From Bangkok, I took a bus to the border, made my way through two brutal little border towns (the Wikitravel page for Poipet, on the Cambodian side, actually makes a point of rhyming the town with “toilet”), then continued along to Siem Reap. I spent a week there, swimming in my $8/night guesthouse’s pool, visiting Ankor Wat, and firing off machine guns at the rifle range on Valentine’s Day. (No cards needed!) I spent another week in the dusty, chaotic, and infinitely broken city of Phnom Penh—a city big enough to hold millions of people, but so broken it couldn’t sustain any form of public transportation. I then took a series of boats and buses into the Mekong Delta, and, after a few days, ended up in Viet Nam’s capital city, where I drank tar that masqueraded as coffee until I flew back to Bangkok, my newest adopted home.
All told, I spent just shy of a month travelling through Southeast Asia, and I’m not entirely sure I liked it. That’s new for me. I’ve visited dozens of countries and hundreds of different cities, and I’ve never really landed anywhere I just didn’t like. I think I may have liked Sai Gon, but it’s hard to tell, as I spent the vast majority of my time there working from waking to sleeping. Cambodia, though, where I spent vast leagues of time, I despised. I think I’m attracted to places that are chaotic because they’re so far from what I know—but Cambodia was another world altogether, and I just never felt that I really enjoyed it.
As with anything though, I learned things. And while I don’t think I’ll ever go back to Cambodia, and I don’t think I’d ever say I was happy while I was there, I don’t for a second regret doing it. Beyond anything else, it taught me an awful lot about myself, about how I work, and about parts of the world I’m not comfortable with.
1. I can cross any street.
I’m an enthusiastic pedestrian even in my hometown (wherever that may be). When I land in a new place, the first thing I do is walk for hours. I’ve done this my entire life, and it’s bar none the best way to get a feel for a place. I love getting lost in strange places. I love accidentally discovering interesting places I may not have come across were I driving. I love walking down a street and drinking in the environment surrounding me.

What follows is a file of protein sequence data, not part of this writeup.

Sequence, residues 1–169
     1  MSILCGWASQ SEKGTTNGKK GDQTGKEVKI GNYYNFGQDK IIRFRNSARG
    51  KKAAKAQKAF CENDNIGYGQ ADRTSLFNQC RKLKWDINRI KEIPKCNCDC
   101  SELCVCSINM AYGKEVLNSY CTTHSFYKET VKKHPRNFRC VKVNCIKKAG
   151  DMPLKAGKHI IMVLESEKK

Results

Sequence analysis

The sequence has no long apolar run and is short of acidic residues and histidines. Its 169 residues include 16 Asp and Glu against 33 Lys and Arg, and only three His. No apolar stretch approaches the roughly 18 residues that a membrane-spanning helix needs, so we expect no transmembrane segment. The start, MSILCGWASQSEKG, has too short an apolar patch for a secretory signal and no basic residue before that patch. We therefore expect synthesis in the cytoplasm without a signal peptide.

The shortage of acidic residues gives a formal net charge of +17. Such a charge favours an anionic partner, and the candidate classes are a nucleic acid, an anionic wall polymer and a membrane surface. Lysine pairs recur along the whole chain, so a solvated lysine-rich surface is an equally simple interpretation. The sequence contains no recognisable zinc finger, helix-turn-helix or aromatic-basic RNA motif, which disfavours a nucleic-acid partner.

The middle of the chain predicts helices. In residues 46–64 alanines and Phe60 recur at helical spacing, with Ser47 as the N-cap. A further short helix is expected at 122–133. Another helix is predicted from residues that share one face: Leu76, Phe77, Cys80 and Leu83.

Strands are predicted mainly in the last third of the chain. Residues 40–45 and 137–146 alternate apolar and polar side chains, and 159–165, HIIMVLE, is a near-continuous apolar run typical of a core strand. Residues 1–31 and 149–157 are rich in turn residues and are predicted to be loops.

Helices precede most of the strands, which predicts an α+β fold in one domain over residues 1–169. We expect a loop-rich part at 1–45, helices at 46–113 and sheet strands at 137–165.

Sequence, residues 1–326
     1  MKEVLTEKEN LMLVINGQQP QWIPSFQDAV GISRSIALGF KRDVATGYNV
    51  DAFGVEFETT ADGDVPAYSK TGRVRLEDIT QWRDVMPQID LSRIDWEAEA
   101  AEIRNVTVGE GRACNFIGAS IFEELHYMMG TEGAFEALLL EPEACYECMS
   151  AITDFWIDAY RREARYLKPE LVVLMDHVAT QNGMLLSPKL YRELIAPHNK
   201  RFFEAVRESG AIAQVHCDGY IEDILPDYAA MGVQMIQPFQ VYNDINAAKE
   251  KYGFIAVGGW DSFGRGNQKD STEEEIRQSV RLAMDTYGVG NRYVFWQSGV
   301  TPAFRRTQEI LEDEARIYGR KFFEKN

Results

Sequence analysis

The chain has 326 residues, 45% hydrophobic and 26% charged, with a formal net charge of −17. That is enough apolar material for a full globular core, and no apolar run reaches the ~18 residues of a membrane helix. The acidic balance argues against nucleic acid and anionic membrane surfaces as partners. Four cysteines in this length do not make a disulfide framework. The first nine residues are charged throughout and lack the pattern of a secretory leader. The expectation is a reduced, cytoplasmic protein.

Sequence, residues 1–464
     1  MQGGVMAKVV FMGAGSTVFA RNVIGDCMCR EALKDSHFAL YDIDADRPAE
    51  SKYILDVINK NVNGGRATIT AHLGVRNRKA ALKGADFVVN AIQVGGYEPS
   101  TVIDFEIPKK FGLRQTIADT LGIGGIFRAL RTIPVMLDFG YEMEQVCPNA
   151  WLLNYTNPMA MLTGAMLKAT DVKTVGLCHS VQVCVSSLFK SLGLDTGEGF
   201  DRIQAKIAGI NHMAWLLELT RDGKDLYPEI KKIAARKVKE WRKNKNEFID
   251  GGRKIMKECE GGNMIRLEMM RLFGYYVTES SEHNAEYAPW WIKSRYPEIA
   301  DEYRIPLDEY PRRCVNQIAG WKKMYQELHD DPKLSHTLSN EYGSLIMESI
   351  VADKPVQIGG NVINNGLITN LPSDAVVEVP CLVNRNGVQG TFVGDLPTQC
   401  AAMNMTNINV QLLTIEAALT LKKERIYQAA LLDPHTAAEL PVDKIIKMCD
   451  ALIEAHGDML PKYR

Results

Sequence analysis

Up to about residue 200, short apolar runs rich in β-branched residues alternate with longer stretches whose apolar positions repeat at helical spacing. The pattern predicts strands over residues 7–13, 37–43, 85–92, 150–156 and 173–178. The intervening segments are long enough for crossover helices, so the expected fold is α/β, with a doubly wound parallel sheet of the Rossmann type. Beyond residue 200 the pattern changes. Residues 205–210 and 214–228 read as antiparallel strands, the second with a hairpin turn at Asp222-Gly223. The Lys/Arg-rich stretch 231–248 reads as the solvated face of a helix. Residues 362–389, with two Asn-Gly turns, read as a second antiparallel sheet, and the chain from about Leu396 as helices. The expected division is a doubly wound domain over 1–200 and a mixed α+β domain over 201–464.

In Southeast Asia though, sometimes this is a trickier task than you’d assume. There are people everywhere. And the further you get into Viet Nam, the more bikes there are, which means that instead of two columns of traffic, you suddenly have to cope with twelve. In Cambodia, there’s usually four streams of traffic, all going in opposing directions: crossing is less “look both ways” and more “look everywhere constantly”. Viet Nam, in spite of having about a hundred bikes to every car, is far more organized, but the crossing-the-street situation is still so intense that, in the tourist districts of town, there are people there solely to help tourists get across the street. When I went to the grocery store in Ho Chi Minh, I walked along a “hem”—basically a series of tiny little criss-crossing alleyways-cum-streets. Most of the way, it was about wide enough for two people to walk abreast, and I was walking along, in the dark, next to two streams of motorbike traffic heading in alternate directions, desperately praying they’d stop for me when there was another bike passing at the same time.
I was actually quite terrified just walking down the street.
And I’ve adjusted to the strange cadences of street-crossings in all kinds of other cities. Cities where there’s no such thing as right-of-way, and marked crossings are clearly just decorative. I remember when Rome and NYC made my nerves spike as I crossed the streets. The rhythms of Southeast Asia, however, are wildly removed from anything I know. When I first landed in Bangkok, there were certain streets I had troubles crossing. I’d watch for a local waiting, and follow them across the road. Now, after Cambodia and Viet Nam, streets that once left me paralyzed seem calm and laid back in comparison. I no longer am thrown if I’m left standing in between lines of traffic, waiting for the next seam.
I’m pretty sure I can cross any goddamned street you could throw at me, at this point.
2. A traveller and a tourist are very different things.
The Mekong delta was gorgeous, and interesting, and I’m glad I went. But honestly, I would have rather explored it myself. I’ve had this trouble before, in a place with a similar feel (the Amazon) and a similar motive for me: I don’t think I’d have been able to explore either of these tropical, water-dwelling places without purchasing a tour, but I didn’t like it either time.